My surprise could not have been greater, when Mr. Francis, the manager of the buying department, rang me to say that we could have ‘Asbestos’ free of charge.  Without doubt this was one of the happiest days of my life.  I made arrangements to go to Trafford Park to arrange the handover and had an excellent morning.  The handover was arranged for a date three weeks later when the presentation plaque could be fixed to the locomotive.

I could not have been dealing with nicer people throughout the negotiations, right from the time of my first visit to the works.  Our thanks must go to Mr. A.H.Wailes, the Works Director, Mr. T.Noble, the Purchasing Director, Mr. T.N.Chadwick, the Works Manager, who also arranged for the locomotive to be ‘done up’ for us during the week before the handover, to Mr. W.D.Francis, the Purchasing Manager, who dealt with most of the negotiations and Mr. S.McCormick.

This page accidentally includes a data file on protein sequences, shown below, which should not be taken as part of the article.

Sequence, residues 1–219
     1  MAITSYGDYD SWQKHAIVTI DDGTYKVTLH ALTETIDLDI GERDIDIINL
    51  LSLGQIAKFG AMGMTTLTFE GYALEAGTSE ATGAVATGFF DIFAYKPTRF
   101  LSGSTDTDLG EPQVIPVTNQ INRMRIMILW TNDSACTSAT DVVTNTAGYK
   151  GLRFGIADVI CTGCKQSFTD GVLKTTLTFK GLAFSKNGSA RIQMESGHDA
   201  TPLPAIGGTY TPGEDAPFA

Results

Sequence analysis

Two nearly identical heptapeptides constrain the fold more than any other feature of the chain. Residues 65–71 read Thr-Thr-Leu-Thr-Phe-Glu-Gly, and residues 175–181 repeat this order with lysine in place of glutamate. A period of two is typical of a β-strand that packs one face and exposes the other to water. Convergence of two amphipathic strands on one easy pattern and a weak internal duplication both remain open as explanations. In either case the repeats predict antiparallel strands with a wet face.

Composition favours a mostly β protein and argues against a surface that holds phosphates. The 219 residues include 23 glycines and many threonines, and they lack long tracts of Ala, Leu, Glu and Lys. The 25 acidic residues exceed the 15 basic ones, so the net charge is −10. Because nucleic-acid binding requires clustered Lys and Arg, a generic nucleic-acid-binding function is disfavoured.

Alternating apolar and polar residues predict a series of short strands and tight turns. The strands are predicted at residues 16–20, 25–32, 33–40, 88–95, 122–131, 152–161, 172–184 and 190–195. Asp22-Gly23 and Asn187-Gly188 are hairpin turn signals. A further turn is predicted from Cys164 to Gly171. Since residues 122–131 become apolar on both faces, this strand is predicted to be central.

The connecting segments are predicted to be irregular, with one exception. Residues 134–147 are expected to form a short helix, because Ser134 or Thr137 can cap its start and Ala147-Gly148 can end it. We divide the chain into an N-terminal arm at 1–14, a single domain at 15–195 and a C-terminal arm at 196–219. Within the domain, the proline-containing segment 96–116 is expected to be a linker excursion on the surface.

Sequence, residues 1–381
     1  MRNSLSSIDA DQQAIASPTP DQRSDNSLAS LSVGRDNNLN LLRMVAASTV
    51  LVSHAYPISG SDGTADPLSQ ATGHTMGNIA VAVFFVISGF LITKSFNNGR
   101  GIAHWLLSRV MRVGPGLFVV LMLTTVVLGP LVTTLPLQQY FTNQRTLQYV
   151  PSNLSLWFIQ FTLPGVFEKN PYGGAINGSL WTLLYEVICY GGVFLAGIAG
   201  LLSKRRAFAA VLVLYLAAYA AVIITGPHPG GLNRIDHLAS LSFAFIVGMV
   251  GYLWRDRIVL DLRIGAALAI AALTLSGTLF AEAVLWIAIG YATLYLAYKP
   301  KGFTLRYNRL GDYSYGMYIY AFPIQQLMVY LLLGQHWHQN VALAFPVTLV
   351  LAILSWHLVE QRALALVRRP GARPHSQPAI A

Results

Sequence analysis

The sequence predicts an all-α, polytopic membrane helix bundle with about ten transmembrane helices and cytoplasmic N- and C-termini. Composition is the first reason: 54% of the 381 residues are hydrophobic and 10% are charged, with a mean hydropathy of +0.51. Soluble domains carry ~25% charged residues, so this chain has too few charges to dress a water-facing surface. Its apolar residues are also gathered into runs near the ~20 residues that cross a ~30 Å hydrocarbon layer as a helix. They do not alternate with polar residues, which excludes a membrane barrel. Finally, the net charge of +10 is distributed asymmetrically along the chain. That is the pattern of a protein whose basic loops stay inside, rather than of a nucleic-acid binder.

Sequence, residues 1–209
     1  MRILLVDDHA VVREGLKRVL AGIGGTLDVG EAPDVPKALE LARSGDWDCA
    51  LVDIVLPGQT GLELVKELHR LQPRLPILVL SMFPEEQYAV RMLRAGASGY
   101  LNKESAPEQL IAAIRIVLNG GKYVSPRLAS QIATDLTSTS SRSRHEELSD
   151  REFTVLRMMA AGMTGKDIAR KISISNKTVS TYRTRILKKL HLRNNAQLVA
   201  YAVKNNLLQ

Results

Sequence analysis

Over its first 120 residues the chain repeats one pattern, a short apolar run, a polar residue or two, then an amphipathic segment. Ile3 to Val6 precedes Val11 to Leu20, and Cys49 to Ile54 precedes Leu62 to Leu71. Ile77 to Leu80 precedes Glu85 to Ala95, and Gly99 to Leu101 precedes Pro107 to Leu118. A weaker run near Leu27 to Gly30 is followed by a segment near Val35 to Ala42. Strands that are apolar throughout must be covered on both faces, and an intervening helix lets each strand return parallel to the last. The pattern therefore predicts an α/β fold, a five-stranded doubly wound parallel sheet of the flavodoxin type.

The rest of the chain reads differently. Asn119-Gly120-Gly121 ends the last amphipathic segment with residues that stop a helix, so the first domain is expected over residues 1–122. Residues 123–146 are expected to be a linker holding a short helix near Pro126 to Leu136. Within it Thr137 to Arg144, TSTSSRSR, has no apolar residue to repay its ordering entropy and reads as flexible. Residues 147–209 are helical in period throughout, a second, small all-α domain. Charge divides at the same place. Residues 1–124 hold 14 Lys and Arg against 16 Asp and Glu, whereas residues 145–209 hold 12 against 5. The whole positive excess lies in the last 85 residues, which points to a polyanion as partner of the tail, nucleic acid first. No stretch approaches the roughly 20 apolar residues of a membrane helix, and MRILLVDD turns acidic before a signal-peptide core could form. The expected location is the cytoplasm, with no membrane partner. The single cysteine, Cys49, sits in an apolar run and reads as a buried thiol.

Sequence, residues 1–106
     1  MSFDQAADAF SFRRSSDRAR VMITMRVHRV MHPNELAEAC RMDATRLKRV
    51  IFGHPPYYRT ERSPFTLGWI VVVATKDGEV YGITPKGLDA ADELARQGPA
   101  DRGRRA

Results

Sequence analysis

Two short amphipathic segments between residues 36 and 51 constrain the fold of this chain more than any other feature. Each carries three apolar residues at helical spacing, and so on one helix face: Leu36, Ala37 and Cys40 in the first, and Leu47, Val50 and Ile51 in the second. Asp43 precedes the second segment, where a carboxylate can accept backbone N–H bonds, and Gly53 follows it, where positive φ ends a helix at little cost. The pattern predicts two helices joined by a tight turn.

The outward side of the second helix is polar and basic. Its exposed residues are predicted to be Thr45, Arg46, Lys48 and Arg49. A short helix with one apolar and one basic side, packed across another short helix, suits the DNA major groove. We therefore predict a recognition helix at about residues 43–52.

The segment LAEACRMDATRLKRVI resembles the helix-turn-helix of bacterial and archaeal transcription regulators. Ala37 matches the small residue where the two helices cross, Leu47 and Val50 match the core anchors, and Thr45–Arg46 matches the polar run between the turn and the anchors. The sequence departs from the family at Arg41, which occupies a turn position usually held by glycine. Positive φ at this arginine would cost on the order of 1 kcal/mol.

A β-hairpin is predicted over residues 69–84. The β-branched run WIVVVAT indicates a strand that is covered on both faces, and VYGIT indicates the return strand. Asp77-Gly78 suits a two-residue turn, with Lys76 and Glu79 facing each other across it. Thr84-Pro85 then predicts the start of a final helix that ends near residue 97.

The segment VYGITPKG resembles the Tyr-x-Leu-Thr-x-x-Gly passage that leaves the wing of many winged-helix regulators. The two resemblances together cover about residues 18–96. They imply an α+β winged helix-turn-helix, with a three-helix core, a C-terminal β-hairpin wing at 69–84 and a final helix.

Little is known of the history of ‘Asbestos’.  She was built by Hawthorn Leslie in 1909, for the Washington Chemical Co. in County Durham, where she became No.2, along with two other Hawthorn Leslies and a Fox Walker engine.  A further Hawthorn Leslie was added in 1918, and presumably replaced the Fox Walker.  In 1920, the Company became part of the Turner and Newall group.

In 1933, two of the locomotives were transferred to the Turner’s Asbestos Cement Company works at Trafford Park, becoming ‘Turnall’ and ‘Asbestos’.  Turnall was scrapped in 1965, leaving ‘Asbestos’ with two diesel locomotives (Planets).  ‘Asbestos’ was placed in store as the reserve engine in 1966 and presented to the RPS on 25th May of this year(1968);  she was transferred to Chasewater on 15th June, and started work in revenue service eight days later.

7423 B-Hills West 20-6-09

Brownhills West 2009